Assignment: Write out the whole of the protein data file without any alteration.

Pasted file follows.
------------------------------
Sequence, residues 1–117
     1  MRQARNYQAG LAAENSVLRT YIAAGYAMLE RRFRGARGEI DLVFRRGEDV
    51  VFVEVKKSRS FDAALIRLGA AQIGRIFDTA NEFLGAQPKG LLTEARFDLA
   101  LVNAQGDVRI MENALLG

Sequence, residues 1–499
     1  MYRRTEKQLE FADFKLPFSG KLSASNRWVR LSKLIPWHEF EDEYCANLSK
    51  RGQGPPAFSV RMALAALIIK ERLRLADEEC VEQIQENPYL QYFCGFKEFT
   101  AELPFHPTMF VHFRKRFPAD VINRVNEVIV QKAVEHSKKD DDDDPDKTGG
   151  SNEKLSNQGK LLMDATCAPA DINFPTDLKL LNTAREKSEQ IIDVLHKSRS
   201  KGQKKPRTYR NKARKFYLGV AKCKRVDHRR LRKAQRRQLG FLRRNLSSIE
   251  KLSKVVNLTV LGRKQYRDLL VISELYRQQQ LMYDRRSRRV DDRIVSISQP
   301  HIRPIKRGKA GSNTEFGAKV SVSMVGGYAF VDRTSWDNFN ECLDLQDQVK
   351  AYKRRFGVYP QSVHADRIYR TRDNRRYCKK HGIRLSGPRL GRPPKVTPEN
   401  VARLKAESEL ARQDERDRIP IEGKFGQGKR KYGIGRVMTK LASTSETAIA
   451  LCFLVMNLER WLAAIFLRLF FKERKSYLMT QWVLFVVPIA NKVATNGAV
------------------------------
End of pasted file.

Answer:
Sequence, residues 1–117
     1  MRQARNYQAG LAAENSVLRT YIAAGYAMLE RRFRGARGEI DLVFRRGEDV
    51  VFVEVKKSRS FDAALIRLGA AQIGRIFDTA NEFLGAQPKG LLTEARFDLA
   101  LVNAQGDVRI MENALLG

Sequence, residues 1–499
     1  MYRRTEKQLE FADFKLPFSG KLSASNRWVR LSKLIPWHEF EDEYCANLSK
    51  RGQGPPAFSV RMALAALIIK ERLRLADEEC VEQIQENPYL QYFCGFKEFT
   101  AELPFHPTMF VHFRKRFPAD VINRVNEVIV QKAVEHSKKD DDDDPDKTGG
   151  SNEKLSNQGK LLMDATCAPA DINFPTDLKL LNTAREKSEQ IIDVLHKSRS
   201  KGQKKPRTYR NKARKFYLGV AKCKRVDHRR LRKAQRRQLG FLRRNLSSIE
   251  KLSKVVNLTV LGRKQYRDLL VISELYRQQQ LMYDRRSRRV DDRIVSISQP
   301  HIRPIKRGKA GSNTEFGAKV SVSMVGGYAF VDRTSWDNFN ECLDLQDQVK
   351  AYKRRFGVYP QSVHADRIYR TRDNRRYCKK HGIRLSGPRL GRPPKVTPEN
   401  VARLKAESEL ARQDERDRIP IEGKFGQGKR KYGIGRVMTK LASTSETAIA
   451  LCFLVMNLER WLAAIFLRLF FKERKSYLMT QWVLFVVPIA NKVATNGAV